Funding Application Policies Encourage Data Sharing, Study Finds

October 6, 2014 in News

Policies implemented by major funding agencies, such as NIH, as well as scientific journals can help improve data sharing among life science researchers, according to a study published in PLOS ONE, Health Data Management reports (Goth, Health Data Management, 10/3).

Details of Study

For the study, researchers in 2013 sent a survey to 3,000 life science researchers in the U.S., including:

  • 1,800 genetics researchers;
  • 600 researchers from clinical departments; and
  • 600 researchers from non-clinical departments.

A total of 1,165 scientists responded to the survey.

The study aimed to determine the effects of funding policies on data sharing and withholding (PLOS ONE, 9/26). Specifically, the study examined policies that stated requirements for data sharing plans on funding applications.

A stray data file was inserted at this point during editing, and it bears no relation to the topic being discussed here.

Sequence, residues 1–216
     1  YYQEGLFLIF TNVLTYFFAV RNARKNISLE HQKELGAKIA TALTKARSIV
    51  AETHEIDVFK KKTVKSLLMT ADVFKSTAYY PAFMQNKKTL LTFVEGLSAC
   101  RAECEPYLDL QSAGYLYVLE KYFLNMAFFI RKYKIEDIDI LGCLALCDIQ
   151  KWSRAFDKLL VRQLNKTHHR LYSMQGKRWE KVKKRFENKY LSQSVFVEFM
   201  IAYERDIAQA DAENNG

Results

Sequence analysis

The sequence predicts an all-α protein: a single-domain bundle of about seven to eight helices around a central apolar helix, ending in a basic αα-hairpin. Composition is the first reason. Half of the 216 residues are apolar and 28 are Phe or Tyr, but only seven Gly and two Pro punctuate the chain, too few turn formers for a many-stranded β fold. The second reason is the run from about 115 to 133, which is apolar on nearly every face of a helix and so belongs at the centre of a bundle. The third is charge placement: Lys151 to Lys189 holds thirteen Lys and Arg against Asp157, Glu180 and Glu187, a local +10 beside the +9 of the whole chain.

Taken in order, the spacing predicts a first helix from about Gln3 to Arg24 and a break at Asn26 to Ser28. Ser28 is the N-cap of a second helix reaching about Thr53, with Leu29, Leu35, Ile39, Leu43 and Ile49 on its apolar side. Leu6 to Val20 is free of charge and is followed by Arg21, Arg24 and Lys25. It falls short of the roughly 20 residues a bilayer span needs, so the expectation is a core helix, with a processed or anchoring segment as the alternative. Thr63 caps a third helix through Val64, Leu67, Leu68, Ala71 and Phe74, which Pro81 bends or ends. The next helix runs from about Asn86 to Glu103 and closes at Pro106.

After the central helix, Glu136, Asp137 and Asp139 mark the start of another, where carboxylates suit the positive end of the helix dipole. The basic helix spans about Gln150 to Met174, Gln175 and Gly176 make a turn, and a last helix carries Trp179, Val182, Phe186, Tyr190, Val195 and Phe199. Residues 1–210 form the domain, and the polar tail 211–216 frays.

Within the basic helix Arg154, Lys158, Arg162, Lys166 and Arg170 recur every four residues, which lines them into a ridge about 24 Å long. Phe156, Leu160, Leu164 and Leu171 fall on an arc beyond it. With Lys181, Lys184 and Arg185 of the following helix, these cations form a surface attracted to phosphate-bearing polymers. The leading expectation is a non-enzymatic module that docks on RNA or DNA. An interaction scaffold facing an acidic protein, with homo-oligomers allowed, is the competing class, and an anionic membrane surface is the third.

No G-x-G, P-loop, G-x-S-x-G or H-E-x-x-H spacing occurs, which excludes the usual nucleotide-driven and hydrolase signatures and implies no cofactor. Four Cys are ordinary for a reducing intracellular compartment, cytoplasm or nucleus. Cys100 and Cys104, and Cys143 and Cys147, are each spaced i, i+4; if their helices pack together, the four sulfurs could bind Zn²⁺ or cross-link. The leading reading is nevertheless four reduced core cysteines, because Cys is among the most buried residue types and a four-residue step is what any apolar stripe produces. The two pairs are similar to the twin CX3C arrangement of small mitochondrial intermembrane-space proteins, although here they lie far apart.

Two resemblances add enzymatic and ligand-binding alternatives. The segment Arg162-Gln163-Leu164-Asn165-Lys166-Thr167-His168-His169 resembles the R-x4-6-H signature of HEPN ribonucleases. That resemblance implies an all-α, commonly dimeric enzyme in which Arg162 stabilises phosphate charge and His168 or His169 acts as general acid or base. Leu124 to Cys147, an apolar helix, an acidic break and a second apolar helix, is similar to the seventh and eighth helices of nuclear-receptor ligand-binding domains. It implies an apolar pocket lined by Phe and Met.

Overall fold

The study found that 65% of respondents said NIH policies have increased scientific data sharing.

Meanwhile, more than 50% of respondents said the policies of private foundations and journals had no effect on data sharing. However, about 58% of respondents found online journal supplements — which include procedural details and data used in studies — useful.

The study also found that:

  • 33% of respondents said third-party repositories for data are helpful; and
  • 39% said repositories for biomaterials are helpful.

The majority of respondents said they always submitted their data or biomaterials to such repositories.

Despite the usefulness of data sharing, the study found that some researchers share data without completing the necessary legal agreements. Nearly 25% of respondents said they sometimes or always neglect to file data transfer agreement materials (Health Data Management, 10/3).

According to the study, “[R]ecently enacted data sharing policies and new sharing infrastructure and tools have had a sizable effect on encouraging data sharing,” but that “some significant gaps remain” and “there is still room for policy improvement” (PLOS ONE, 9/26).

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